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Forum Name: Psychiatric Topics
Question: Inconfidence and Insecurity
|William-R - Mon Oct 27, 2008 2:36 pm|
I'm a 19-year-old male. And my problem is that I often feel very tense around people such that I often say or do foolish things(which I don't really mean), and I think without even saying anything wrong I believe people see it obvious that I'm insecure or inconfident. I have very few friends (most I met over the internet) and I'm almost incapable of forming new friendships with people. when meeting new people I'm often very quite and find it very hard to think of anything to say as I am tense(unless there is a specific topic to talk about). I'm also very non confrontational to the point where you can label me as a push-over, a certain person might disrespect me outright and I wouldn't act upon it, I would say I'm a coward, afraid of getting involved in a fight or a confrontation.
I've looked up social awkwardness/anxiety on the internet but the thing is my problem isn't that extreme, for example I don't sweat excessively when meeting new people or I am afraid to go out of home on the fear of meeting new people, It's just that like I said I'm often nervous and tense(when meeting new people, or in any problematic situation). And it sometimes comes out in a way where people percieve it as arrogance or impoliteness maybe.
My question is, how can I fix my problem? Do I need to go see a Psycho-therapist for this(Psychotherapy isn't really much publicized where I'm from)? Are there things that I can do my self to fix my problem?
Please help me
|Dr. E. Seigle - Fri Oct 31, 2008 5:50 pm|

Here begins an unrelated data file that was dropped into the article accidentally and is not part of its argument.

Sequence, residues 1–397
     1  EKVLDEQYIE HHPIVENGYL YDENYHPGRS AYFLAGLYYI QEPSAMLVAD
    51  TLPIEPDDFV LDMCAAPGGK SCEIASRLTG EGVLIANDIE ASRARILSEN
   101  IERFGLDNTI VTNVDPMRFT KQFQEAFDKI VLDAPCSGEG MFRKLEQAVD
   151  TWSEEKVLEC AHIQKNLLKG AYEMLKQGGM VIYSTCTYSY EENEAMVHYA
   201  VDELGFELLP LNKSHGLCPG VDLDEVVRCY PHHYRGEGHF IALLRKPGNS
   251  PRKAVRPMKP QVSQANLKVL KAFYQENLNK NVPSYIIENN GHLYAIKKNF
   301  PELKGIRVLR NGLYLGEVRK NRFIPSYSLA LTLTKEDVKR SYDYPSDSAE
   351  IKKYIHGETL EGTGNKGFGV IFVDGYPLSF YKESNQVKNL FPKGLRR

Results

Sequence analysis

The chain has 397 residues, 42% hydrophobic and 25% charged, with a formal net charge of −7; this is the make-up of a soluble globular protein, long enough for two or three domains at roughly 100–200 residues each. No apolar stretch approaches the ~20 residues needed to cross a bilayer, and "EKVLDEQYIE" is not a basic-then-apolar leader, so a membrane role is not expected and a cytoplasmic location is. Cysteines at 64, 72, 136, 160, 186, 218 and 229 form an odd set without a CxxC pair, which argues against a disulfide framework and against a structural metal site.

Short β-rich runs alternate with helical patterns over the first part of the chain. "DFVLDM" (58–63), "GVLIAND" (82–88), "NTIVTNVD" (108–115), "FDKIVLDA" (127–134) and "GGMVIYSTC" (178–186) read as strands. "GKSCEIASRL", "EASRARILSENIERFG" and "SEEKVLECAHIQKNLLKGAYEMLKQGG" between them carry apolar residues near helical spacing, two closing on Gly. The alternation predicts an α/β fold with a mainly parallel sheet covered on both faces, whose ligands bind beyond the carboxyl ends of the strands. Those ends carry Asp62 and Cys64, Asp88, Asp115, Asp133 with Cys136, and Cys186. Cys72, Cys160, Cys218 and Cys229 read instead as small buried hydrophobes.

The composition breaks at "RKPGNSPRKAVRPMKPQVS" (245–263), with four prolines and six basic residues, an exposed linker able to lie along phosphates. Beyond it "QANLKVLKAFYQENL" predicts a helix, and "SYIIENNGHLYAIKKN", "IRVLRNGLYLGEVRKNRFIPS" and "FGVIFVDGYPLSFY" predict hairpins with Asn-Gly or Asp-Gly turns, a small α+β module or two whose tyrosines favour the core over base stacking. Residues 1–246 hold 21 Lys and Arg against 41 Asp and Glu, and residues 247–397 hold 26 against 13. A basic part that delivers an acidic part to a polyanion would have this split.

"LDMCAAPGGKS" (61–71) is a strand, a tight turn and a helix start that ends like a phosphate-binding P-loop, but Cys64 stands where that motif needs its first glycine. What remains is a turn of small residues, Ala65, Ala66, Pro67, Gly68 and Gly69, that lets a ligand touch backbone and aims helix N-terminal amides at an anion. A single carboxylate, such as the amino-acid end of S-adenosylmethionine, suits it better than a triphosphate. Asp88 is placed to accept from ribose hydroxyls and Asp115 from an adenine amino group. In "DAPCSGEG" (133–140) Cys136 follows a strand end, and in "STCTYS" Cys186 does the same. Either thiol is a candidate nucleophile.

You are to be respected for your honest self-portrayal. It sounds likely that you have an anxiety disorder; the different diagnoses (which are merely descriptive labels to encapsulate the problem) that might apply to your anxiety include a Social Anxiety Disorder, traits of what is called an avoidant personality, and simply an Anxiety Disorder that does not fit into other categories. The first step is for you to have a good, thorough evaluation, optimally by a psychiatrist or Ph.D. trained psychologist. Then, the correct diagnosis can be reached, as well as the reasons for the anxiety disorder understood. Reasons can include life experiences that you have had (including your family life), genetics and family history of anxiety disorders, and the personality style that you have developed in your life, including any emotional patterns that you have that might contribute.
Based on your evaluation, the clinician should recommend treatment; this generally involves psychotherapy and may also involve medication, if thought to be warranted. It's important that the treating clinician give you an understanding of the diagnosis and recommendations that makes sense to you. You may want to contact your local hospital, community mental health center, or referrals from people that you know.
Congratulations for identifying the problems and beginning your path to help and learning to feel more relaxed, confident and socially connected and close. Good luck!
-Eliot Seigle MD
|unifish - Sat Apr 25, 2009 8:01 am|
I have a similar if not the same problem. I am not agitated when people abuse me (not physically), I remain silent out of fear and end up getting upset about it later. I also start rambling or saying things I shouldn't be. Being put on the spot and having the attention somehow frightens me.
Have you overcome your problem by any chance? I would like to hear how you have managed if thats ok.
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